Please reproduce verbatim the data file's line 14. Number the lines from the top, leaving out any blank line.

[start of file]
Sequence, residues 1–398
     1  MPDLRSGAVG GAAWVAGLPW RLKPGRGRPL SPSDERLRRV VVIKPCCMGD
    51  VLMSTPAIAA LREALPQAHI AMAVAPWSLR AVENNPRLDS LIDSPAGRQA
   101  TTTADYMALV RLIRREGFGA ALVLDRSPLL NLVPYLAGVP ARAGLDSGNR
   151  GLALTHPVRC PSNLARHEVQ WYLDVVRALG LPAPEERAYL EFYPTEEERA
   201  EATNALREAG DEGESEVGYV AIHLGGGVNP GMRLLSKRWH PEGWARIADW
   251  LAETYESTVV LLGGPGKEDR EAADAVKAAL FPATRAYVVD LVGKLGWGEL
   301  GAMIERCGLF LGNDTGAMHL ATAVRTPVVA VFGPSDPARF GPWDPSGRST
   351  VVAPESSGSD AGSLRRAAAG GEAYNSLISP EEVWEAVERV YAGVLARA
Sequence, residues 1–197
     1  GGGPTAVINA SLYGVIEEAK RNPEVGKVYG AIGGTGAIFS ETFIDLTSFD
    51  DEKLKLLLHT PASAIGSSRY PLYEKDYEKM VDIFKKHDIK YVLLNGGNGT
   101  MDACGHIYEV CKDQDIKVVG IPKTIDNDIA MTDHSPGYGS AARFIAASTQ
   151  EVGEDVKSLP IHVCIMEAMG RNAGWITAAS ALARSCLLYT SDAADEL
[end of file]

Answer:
   151  EVGEDVKSLP IHVCIMEAMG RNAGWITAAS ALARSCLLYT SDAADEL